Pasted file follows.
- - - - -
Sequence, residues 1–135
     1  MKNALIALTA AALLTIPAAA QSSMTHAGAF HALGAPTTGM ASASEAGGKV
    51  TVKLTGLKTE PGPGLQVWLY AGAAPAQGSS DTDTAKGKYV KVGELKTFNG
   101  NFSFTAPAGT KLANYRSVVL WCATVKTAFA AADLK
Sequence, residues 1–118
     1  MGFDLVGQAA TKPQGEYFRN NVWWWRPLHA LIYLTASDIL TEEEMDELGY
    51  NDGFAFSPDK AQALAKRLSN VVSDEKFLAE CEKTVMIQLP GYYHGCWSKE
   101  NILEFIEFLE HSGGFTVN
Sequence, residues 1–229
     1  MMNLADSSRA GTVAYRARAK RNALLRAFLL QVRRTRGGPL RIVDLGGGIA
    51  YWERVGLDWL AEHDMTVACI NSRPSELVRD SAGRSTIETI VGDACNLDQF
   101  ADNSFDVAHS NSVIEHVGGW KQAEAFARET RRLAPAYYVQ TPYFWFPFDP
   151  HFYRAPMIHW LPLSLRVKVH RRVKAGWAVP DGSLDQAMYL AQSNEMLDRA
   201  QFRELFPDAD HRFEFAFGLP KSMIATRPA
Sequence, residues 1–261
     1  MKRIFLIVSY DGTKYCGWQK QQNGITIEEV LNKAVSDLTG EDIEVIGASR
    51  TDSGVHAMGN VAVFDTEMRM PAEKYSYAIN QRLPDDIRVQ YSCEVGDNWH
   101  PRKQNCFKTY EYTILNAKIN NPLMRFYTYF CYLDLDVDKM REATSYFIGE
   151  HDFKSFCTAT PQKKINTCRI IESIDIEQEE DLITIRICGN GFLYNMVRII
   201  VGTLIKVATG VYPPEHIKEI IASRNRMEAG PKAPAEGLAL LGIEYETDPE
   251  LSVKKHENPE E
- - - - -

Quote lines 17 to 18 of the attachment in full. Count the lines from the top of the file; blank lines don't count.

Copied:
    51  TDSGVHAMGN VAVFDTEMRM PAEKYSYAIN QRLPDDIRVQ YSCEVGDNWH
   101  PRKQNCFKTY EYTILNAKIN NPLMRFYTYF CYLDLDVDKM REATSYFIGE